No To Trickle Down Theories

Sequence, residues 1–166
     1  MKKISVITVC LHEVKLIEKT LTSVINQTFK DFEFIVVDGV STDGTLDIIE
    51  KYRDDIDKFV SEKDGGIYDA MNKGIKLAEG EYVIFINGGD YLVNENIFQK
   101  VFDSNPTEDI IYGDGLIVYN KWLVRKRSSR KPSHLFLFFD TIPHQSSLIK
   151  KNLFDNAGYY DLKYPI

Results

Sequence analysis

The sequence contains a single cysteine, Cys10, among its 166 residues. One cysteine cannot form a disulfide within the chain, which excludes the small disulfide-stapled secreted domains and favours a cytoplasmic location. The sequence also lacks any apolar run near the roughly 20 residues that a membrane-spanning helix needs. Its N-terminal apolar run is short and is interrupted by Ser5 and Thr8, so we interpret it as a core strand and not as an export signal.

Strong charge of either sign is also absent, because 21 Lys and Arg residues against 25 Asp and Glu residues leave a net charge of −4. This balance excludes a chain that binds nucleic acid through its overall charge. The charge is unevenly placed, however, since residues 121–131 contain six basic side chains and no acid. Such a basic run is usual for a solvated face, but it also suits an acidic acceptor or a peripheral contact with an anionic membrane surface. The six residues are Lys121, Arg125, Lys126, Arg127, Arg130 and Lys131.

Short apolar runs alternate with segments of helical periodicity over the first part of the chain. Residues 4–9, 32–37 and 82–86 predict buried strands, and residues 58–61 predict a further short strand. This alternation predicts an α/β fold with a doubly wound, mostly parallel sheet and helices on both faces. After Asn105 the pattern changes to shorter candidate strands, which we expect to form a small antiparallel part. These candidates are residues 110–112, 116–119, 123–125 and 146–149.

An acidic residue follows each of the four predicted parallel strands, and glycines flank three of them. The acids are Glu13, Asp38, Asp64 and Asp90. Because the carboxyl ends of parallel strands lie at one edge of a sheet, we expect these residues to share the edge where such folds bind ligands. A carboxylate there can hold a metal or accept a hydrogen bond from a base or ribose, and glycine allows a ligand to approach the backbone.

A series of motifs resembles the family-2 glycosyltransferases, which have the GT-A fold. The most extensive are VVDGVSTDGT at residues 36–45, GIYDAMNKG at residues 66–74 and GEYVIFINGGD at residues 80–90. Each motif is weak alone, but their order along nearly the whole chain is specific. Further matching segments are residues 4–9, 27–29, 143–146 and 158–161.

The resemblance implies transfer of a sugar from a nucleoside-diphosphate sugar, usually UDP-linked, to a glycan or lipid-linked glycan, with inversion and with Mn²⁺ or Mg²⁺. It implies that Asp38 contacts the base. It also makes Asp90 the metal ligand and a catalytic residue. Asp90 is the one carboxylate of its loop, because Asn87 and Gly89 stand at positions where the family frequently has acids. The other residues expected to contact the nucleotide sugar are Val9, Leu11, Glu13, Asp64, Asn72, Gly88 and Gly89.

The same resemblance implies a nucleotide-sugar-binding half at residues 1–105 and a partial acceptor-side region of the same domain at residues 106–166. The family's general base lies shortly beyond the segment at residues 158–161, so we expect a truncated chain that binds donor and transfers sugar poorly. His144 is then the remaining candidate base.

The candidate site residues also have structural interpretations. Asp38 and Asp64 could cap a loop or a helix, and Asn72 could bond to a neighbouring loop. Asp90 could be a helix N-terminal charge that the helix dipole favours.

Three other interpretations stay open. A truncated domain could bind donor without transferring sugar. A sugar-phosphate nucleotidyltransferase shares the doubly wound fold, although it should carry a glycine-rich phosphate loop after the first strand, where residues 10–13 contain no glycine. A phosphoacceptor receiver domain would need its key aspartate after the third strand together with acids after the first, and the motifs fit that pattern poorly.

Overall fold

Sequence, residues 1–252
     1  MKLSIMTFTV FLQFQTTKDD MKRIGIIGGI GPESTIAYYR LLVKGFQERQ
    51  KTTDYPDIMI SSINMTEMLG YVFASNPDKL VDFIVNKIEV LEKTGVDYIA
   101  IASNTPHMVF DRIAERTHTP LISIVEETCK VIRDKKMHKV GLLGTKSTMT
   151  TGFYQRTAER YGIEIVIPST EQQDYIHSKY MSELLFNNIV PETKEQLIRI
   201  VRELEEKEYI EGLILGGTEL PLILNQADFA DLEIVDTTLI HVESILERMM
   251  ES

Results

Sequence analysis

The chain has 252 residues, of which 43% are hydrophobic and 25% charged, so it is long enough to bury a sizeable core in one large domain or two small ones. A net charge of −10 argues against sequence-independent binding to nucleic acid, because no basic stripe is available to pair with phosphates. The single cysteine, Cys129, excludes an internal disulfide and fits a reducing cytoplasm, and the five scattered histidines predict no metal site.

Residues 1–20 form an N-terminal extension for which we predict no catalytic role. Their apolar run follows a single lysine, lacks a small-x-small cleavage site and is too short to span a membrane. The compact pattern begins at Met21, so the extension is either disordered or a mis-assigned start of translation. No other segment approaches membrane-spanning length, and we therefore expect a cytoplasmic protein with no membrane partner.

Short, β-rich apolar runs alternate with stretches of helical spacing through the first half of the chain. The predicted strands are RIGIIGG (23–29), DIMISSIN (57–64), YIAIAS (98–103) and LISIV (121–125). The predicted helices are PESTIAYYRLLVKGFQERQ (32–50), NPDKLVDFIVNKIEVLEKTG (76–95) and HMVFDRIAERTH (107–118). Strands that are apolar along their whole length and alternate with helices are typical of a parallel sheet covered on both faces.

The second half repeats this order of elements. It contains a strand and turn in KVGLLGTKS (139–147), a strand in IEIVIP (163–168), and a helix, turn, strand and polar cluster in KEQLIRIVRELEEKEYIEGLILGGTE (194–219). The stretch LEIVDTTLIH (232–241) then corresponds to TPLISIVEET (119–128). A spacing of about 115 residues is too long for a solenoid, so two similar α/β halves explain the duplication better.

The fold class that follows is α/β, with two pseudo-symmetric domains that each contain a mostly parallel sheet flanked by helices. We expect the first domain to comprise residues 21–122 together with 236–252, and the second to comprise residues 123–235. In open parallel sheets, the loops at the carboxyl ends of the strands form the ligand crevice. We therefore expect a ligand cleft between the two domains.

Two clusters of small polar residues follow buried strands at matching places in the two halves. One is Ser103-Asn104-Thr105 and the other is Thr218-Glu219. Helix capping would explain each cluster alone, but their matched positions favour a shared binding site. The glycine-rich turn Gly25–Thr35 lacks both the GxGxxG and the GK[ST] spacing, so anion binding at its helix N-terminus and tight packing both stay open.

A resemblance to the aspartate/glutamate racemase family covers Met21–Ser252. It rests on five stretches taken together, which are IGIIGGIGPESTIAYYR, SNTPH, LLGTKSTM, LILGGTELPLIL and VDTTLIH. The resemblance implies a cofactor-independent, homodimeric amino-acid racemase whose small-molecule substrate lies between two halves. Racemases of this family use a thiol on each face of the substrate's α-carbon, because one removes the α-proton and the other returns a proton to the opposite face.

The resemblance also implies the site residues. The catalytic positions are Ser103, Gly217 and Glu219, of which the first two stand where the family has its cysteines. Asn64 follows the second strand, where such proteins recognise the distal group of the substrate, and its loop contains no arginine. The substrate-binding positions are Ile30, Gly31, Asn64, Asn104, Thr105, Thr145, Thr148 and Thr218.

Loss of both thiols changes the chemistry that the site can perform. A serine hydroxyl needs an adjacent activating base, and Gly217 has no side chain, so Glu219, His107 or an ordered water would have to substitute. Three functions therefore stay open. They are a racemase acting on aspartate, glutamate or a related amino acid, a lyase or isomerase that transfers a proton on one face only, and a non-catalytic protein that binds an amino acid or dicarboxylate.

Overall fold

What Typhoon Yolanda did to Eastern Visayas was a wake-up call to all of us Filipinos. Since at least the end of the Second World War, successive generations of national leaders turned a blind eye to the extreme poverty of that hapless region that has suffered one of the highest rates of poverty incidence in the country. The percentage of its population living below the poverty line was more than double the national average. Even during periods of higher economic growth, the sustenance fisher folks, the small coconut farmers and the landless rural workers that comprised the vast majority of its population never participated in the economic progress the rest of the nation was enjoying. Before Yolanda, one could have easily forecasted that even if Philippine GDP were to increase at the rates of 7 to 9 per cent for the next ten or more years, there would have been no "trickle down" to Eastern Visayas. The poor in that region are too hungry, unschooled, unskilled, unhealthy and unhoused to even qualify to become overseas, construction, or tourism workers, or much less BPO employees, who are the ones most benefited by the engines of growth of the Philippine economy today. Rural infrastructures have been some of the worst in the whole country. The general neglect of countryside development that accounted for decades of failures in economic development in the country as a whole was most acute in Eastern Visayas.